Blog: The Educated Reporter

More on ‘Bully,’ a ‘Hungry Heart’ for Higher Ed, and a School Board Sit-In

If you haven’t yet seen “Bully,” you might want to first read Slate’s Emily Bazelon and find out what producers chose not to share with audiences when it came to the background of one of the documentary’s central figures.

In the film, the parents of 17-year-old Tyler Long blame his suicide entirely on bullying. However, Bazelon reports that Tyler had Asperger’s, and was also being treated for bipolar disorder — both of which have been linked to a higher rate of suicide.

Bazelon makes the case that by withholding those important details about the teen’s history, audiences were led to believe that intense bullying alone led to his taking his own life.

The film “is supposed to be a teaching tool, yet it offers some serious misimpressions about the connection between bullying and suicide, misimpressions that could have real effects on young viewers,” Bazelon concludes.

University of Virginia Prof. Mark Edmundson makes a compelling case in the New York Times for a “hungry heart” when it comes to deciding who will best benefit from a college education.

Edmundson, who has been teaching for 35 years, writes: ” The best students and the ones who get the most out of their educations are the ones who come to school with the most energy to learn. And — here’s an important corollary — those students are not always the most intellectually gifted.”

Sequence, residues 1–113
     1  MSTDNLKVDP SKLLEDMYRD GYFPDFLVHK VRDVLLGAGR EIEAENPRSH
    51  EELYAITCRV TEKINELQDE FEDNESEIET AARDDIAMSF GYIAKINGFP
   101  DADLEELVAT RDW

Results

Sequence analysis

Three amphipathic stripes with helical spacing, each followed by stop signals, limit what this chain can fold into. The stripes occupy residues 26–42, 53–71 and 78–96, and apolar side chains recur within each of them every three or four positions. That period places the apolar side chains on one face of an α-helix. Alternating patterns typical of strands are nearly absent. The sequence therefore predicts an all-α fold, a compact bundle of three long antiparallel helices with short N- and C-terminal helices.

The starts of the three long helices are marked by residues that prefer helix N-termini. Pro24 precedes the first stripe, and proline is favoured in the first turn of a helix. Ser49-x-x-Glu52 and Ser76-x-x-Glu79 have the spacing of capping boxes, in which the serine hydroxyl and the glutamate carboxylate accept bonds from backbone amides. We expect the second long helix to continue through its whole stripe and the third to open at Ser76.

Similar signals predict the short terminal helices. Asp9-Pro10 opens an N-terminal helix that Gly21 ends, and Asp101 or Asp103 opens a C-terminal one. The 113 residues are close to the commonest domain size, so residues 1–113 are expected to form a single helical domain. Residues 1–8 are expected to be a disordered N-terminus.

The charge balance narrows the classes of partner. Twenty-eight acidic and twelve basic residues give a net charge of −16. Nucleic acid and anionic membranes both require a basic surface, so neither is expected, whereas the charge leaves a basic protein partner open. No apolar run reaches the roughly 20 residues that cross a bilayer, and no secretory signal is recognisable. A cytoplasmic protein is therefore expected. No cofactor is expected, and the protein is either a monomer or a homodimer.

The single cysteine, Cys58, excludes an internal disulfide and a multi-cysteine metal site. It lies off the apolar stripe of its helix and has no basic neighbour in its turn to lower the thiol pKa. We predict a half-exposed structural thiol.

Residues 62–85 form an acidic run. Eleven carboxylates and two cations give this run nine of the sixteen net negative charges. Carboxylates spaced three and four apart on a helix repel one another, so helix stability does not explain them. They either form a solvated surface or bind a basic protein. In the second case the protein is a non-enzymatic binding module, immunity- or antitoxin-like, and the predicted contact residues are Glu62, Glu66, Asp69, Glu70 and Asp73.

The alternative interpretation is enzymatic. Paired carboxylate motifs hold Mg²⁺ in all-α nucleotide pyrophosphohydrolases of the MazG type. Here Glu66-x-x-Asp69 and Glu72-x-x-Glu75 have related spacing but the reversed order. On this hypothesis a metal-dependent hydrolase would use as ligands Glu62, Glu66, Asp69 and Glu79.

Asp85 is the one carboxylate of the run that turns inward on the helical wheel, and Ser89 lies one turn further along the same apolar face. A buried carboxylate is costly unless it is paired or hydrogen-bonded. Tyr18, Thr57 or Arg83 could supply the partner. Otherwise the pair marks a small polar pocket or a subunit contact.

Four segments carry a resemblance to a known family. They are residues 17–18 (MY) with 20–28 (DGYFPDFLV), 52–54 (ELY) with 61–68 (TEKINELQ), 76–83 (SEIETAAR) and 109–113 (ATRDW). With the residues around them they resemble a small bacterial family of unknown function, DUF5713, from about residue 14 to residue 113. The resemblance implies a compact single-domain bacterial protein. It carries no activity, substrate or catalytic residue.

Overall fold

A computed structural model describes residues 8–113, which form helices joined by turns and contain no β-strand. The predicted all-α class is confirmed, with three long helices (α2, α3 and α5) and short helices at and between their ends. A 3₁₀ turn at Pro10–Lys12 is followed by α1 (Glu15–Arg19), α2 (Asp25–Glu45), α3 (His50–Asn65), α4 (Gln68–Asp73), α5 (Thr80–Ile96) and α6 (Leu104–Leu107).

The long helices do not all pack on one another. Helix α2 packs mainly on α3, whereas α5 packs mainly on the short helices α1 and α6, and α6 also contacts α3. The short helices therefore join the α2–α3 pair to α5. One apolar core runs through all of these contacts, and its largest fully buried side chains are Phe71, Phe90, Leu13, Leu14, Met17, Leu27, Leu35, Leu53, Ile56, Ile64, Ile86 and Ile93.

This is an editorial that I expect will stir up some important conversations about the inherent value of knowledge, beyond the tradeoff for a potentially bigger paycheck.

I have to admit, I don’t often miss covering school board meetings. However, there are times when I’m reminded that for many communities, school boards represent the most direct means of allowing the public to voice its views on educational issues. You would also be hard pressed to find a more passionate audience than a board room full of parents who have just been told their child’s school is going to close.

That’s what played out in Oakland, Calif. late last week when the board announced it would close five elementary schools. Protestors refused to leave the building, and they were eventually arrested. Oakland Tribune education reporter Katy Murphy summed up the scene nicely in her blog, noting that board trustee Alice Spearman, “who serves up at least two colorful quotes and/or insults per meeting,” was nonplussed by the protestors.

Spearman is quoted as issuing this pronouncement: “I want to say to these revolutionaries who want to camp out: I hope you’ve got your tent. I hope you do. Walk your talk.”



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